I’ve heard the clip clop of horses and stagecoach teams…the rattle of “Tin Lizzies” and Model T’s…and later the roar of 1940’s mufflers and motorcycles…the sounds of delivery wagons and shoppers at the general store and busy citizens hurrying for their mail at the post office just across the road…sounds always changing, always increasing as the town around me grew.
I’ve felt the emotions of young people passing by me…young people going off to war—not once—but twice and more…soldiers driving through our village while youngsters clambered up into the big oak tree, to watch and wave. I’ve also heard the sobs of loved ones when some of the young men did not return.
I have heard the gavel pound for Town Hall and Ladies Aid Society meetings, and then in 1914, for the small but stalwart beginnings of this Woman’s Club…first as the A.B.C. Club, later called the Monte Viejas Club and finally, in 1927, the present day Alpine Woman’s Club. At first the women were simply striving to “civilize” a rural populace by bringing music and some culture to the area…and always offering a meeting place for ever-widening community interests. Bandages were rolled and socks knitted for the war effort…P.T.A. meetings were held and I housed the beginnings of the local library where the minds of young and old could expand. Every manner of community gathering has taken place within my walls.
Month after month I’ve heard the cheerful voices of the women here working to provide the funding for many youth activities and for scholarships, as well as for other local charities. I’ve heard the sound of feet…treading up my stairs to purchase items at the Antique Attic and rumblings deep inside me as items stored in my basement are hauled up for rummage sales…and the clatter from my kitchen as food is prepared for all manner of events to entertain and raise the needed funds.
I have watched my village grow from one of dusty or muddy roads…of small stores, gas stations…vineyards and all sorts of fruit orchards…beehives and flocks of sheep and horses—many horses for work or transportation or even just for fun! All these changing to paved roads and traffic lights, ever expanding businesses and always a growing population.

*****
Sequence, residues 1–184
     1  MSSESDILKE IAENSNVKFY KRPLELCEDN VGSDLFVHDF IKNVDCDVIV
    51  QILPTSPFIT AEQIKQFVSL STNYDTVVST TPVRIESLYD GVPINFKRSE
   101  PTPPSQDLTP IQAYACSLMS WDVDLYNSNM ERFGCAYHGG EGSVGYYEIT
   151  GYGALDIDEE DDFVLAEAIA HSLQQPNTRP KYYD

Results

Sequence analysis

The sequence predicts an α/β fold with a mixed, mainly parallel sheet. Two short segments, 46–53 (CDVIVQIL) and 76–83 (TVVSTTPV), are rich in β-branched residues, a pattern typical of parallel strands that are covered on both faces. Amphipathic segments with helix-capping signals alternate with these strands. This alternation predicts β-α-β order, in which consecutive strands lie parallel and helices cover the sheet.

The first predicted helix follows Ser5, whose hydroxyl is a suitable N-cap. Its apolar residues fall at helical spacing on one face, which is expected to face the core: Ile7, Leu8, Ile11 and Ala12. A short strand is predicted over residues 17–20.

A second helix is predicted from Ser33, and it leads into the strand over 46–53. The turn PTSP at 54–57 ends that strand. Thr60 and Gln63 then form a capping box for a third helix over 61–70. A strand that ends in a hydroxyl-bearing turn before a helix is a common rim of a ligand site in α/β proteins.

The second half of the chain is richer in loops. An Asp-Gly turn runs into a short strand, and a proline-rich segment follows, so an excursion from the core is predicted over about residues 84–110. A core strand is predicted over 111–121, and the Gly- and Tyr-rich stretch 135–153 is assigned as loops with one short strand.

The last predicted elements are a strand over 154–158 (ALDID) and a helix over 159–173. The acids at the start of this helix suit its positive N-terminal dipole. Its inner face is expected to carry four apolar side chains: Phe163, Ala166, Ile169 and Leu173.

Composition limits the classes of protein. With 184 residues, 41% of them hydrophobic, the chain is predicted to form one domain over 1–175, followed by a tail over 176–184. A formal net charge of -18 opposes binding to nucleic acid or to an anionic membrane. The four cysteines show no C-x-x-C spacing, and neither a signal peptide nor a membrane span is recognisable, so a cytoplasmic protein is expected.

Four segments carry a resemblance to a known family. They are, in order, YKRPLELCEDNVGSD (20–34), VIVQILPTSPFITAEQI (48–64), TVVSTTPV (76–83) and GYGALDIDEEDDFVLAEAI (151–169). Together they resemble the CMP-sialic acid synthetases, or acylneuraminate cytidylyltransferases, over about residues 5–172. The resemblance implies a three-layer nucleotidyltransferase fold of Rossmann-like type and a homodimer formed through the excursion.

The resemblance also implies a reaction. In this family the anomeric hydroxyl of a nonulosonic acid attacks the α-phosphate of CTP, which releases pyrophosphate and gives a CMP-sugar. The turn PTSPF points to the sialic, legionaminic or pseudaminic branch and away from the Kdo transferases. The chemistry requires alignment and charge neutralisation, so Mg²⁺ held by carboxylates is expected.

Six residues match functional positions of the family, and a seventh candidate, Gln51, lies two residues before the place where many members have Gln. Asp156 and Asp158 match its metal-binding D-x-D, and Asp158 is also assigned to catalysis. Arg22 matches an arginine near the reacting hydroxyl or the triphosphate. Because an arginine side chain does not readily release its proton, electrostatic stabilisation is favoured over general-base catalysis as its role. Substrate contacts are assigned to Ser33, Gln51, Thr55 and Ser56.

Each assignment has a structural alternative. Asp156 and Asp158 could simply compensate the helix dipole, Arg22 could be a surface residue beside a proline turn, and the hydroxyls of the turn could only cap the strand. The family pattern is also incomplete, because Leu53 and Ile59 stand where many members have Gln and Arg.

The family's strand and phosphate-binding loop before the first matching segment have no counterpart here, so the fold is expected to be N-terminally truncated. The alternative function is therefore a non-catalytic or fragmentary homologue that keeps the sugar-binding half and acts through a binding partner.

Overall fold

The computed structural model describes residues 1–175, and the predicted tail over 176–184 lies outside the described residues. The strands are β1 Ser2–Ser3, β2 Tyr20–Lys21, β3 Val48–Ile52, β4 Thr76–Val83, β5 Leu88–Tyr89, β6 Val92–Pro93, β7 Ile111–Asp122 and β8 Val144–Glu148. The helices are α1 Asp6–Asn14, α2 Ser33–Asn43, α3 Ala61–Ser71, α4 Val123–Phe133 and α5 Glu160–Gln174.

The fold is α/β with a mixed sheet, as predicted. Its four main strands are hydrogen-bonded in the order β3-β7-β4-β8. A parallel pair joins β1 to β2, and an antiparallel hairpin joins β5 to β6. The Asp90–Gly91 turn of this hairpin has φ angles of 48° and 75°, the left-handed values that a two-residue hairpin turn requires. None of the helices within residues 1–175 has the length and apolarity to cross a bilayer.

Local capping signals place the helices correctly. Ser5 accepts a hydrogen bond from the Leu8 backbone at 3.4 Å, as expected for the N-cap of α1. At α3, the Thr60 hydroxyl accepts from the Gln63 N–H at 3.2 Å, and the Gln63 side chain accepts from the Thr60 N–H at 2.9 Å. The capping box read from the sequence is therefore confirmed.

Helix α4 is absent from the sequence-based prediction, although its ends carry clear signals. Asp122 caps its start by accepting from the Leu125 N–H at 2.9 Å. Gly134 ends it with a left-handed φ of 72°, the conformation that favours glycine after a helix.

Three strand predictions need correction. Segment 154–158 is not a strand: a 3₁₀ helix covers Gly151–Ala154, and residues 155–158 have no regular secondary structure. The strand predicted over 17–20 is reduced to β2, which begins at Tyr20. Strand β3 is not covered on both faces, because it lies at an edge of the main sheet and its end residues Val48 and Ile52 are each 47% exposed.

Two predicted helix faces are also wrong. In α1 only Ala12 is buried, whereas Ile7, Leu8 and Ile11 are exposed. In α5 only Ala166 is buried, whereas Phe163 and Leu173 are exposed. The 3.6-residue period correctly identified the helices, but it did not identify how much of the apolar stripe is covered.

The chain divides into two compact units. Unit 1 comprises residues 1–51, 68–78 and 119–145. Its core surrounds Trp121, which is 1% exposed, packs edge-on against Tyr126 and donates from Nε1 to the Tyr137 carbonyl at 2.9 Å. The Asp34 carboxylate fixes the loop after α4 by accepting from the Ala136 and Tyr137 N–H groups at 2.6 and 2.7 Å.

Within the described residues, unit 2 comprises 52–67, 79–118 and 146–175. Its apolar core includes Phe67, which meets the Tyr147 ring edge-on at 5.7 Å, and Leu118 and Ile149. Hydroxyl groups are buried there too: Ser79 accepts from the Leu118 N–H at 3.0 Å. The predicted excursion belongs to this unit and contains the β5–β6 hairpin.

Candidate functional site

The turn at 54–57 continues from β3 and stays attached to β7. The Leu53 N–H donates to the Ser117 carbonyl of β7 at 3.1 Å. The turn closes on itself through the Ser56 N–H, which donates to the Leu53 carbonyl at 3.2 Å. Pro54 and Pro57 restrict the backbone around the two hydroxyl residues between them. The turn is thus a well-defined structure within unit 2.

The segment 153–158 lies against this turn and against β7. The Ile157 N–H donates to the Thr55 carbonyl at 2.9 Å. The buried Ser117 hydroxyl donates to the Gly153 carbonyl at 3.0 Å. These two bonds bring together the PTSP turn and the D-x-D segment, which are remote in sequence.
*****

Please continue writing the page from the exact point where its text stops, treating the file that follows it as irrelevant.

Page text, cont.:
But through it all I have remained strong and only slightly altered. My bell tower and flagpole are gone, and I no longer look out on a “comfort station,” once so sorely needed by weary travelers. These dedicated women, together with other clubs and members of the community, have provided well for me throughout the years. From indoor plumbing and water, a kitchen and “necessary room,” heating and fans and beautifying me with curtains and paint, a brick patio, planter boxes and flowers. Local school children crafted three wonderful murals to highlight my gardens and planted an herb garden…while others maintain with caring hands the work already done. Now the women are busy surrounding me with plantings, memorial rose and iris gardens while most recently I’ve heard the harsher sounds of carpentry tools used to construct a beautiful gazebo and other machinery needed to add a well and a new driveway and resurface the parking area. I feel the love of so many who have worked to restore and maintain my brilliance.
Yes, I feel brilliant because I know how many things that I have helped to teach this community. Pride in a heritage. Unity in a common purpose…and the love of many selfless people who have strived through the years to keep me well and handsome. I could name so very many who have contributed their time, money and special talents but, suffice to say that ALL who have helped in any manner are equally responsible for the fact that I am still here after 100 years! MAY IT EVER BE SO!